New answers tagged

0

This question can probably be best answered by the MSDAI's point of contact. You can find their contact information here: https://uwaterloo.ca/graduate-studies-postdoctoral-affairs/future-students/programs/data-science-and-artificial-intelligence-mdsai-co-op


-1

Should I apply for it or another master in the same subject will be a drawback for admission committees It's likely getting another (3rd?) master's degree won't help much and may signal indecisiveness in admissions committees. You've already proven you can get a master's degree in a STEM subject. It may raise concerns that you will "Master Out" ...


5

There are no regulations preventing you from having as many as you like. But admissions committees will use the fact that you have a related degree and possibly downgrade the application so that the slot can be given to someone else. That isn't guaranteed, of course. But at a certain point one wonders why you would want to do this. Lifelong perpetual ...


2

If I were looking at your CV in the US I would expect a line for each project, like supervised study of quantum electrodynamics or reading project on quantum electrodynamics I would not expect a list of sources any more than I would expect a list of texts for a course you took.


-1

I suggest that if you want letters that won't become relevant for a few years, that you tell the writers that so that they might be able to update their recommendations at the appropriate time, without forgetting you. Keeping in touch is also useful for that. I don't know the procedures at Waterloo, but some universities require direct transmission from the ...


1

Based on the tag, I will give a US-specific answer. Often, but not always, the difference between the masters and the first part of a PhD is that the PhD program comes with funding. If your intent is to get the PhD eventually anyway, I would not recommend considering an unfunded masters. This is essentially the same as starting a PhD without funding. ...


-1

No one should spend an entire career doing something they don't like. And if you decide you've made a mistake, I find it's generally best to admit it right then and there and figure out to how to fix it, even if that means starting over on a new plan. I want you to watch a video of Steve Job's commencement address at Stanford. The part he really gets right ...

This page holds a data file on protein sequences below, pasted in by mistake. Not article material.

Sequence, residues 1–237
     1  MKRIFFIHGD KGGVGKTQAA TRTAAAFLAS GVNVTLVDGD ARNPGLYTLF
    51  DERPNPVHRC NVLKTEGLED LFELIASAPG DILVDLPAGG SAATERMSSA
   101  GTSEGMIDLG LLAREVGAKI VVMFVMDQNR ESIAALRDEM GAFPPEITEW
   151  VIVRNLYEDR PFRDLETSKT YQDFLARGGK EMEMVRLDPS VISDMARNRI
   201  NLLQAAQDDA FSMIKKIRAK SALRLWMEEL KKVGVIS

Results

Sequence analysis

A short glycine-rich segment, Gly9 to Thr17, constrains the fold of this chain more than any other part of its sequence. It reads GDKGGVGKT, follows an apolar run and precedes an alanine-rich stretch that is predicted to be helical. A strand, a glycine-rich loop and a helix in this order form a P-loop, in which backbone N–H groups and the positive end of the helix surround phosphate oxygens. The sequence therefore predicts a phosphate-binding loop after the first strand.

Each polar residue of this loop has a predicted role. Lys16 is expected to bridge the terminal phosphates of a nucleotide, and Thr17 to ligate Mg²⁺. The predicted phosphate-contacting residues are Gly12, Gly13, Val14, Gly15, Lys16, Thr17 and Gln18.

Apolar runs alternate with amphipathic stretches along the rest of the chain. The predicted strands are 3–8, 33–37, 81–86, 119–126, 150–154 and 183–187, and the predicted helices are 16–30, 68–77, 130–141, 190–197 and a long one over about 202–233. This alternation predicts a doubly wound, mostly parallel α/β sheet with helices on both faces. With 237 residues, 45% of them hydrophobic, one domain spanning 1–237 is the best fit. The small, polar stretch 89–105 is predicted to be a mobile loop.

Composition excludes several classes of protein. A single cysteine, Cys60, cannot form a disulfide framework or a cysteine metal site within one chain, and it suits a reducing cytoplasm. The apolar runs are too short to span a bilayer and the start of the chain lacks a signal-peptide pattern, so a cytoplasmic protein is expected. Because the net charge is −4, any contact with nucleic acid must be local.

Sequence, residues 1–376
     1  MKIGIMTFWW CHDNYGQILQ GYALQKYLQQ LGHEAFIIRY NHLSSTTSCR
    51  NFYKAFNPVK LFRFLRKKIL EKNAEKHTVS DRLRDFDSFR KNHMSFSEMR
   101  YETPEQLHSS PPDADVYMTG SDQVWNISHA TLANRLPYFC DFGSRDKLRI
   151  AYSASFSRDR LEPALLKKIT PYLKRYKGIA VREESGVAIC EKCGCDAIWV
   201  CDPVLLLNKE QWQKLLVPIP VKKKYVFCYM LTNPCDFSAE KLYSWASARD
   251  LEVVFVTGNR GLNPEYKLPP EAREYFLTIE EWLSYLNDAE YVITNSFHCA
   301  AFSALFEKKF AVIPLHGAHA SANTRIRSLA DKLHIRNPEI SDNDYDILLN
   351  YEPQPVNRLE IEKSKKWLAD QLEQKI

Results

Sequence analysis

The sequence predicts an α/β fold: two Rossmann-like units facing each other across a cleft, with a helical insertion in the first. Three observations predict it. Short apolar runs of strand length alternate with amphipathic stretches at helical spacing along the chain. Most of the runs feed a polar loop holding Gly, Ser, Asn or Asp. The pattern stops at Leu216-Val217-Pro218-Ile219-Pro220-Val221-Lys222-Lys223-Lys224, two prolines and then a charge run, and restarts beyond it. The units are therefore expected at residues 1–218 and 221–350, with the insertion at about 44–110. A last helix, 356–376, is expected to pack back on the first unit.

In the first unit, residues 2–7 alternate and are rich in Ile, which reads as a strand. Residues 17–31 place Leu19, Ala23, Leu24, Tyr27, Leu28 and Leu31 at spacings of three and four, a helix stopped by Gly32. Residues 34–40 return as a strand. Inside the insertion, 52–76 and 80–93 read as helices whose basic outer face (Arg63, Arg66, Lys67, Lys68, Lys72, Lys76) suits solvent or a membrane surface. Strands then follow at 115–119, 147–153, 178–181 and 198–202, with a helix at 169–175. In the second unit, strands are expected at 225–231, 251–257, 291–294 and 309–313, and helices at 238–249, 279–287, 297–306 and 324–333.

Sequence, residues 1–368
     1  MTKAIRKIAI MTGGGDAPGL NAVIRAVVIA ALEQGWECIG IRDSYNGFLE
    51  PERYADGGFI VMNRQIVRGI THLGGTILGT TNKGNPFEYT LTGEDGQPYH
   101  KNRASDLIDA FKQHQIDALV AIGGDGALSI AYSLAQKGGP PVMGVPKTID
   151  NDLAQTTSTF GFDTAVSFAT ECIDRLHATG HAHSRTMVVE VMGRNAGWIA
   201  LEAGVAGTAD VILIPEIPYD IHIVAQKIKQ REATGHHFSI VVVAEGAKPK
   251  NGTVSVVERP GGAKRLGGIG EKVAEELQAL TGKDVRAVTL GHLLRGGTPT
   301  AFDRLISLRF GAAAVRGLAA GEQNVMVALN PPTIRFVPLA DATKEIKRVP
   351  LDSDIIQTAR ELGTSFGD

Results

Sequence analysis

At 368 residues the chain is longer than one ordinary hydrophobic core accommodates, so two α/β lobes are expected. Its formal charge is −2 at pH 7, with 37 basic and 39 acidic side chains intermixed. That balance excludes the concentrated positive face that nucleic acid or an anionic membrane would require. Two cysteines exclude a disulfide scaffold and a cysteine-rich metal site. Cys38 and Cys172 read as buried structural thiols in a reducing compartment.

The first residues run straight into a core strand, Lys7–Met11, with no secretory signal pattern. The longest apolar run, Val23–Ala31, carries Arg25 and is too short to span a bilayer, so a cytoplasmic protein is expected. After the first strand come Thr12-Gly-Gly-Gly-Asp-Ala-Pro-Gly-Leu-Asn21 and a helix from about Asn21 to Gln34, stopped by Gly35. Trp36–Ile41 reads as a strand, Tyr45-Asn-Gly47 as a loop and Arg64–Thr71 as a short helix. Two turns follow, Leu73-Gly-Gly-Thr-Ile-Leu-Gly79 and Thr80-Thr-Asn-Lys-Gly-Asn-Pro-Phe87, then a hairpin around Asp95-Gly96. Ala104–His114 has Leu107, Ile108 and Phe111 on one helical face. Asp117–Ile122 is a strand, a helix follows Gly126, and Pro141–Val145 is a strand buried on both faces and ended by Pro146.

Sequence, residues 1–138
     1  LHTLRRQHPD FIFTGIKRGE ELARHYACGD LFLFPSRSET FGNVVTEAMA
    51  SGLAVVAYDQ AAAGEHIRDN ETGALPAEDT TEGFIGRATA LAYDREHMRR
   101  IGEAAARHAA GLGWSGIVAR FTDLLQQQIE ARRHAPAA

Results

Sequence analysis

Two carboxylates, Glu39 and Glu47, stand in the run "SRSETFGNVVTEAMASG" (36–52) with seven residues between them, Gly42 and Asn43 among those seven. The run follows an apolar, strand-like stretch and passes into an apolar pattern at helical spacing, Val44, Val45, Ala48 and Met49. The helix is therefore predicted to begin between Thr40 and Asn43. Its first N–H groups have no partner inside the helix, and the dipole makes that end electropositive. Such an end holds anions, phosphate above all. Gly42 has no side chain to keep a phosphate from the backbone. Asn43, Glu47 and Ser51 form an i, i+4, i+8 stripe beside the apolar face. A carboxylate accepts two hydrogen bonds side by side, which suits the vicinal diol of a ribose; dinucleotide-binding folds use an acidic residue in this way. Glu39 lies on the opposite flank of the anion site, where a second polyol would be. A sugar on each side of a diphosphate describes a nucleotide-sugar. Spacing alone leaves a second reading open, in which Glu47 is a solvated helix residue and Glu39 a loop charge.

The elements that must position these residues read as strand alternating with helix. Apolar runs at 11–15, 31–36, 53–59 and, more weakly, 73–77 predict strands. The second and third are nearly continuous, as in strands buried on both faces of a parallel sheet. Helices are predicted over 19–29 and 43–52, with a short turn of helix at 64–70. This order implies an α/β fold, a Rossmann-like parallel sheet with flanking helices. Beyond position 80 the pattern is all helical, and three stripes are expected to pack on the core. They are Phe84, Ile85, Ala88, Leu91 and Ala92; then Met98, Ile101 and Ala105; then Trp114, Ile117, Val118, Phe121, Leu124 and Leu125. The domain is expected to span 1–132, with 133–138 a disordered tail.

6

I think you are too focused on what you want to study and not focused enough on what job or career you want to achieve. You talk quite a bit about the intellectual stimulation of various topics and feeling that nothing is “enough”. You get excited about what friends are studying and thing perhaps the grass is greener (it is probably not). In my experience, ...


0

In the US, students usually apply for a doctoral program having just a bachelors degree. In Europe it is more common to require a masters, I think. For a US student changing fields (within reason) is normally not a problem since the bachelors is a generalist degree with only a bit of specialization. So, someone in political science, for example, will also ...


19

It comes down to whether you want to learn more things or to pass the course (note they are not synonymous). If the first, then no, it's not counter-productive. You will learn more by reading the textbook, almost by definition. If it's the second however, then yes, it's counter-productive. It's the material covered in the course that will actually end up ...


-1

There's no question it will hurt. You already know that. How much it hurts depends on where you're applying and whether it's to a master's or PhD program. Top PhD programs could fill every spot with students who only have 4.0 (perfect) averages. The reason they accept students with less than perfect averages is because they also consider your LORs (...


7

I agree with most of the answers that this is silly advice, and have not heard it before, but one key point not explicitly mentioned so far is: Most textbooks are not written to covered in their entirety in one semester. Some are meant for a 2-semester course and some intentionally have more information so instructors can pick and choose what they want for ...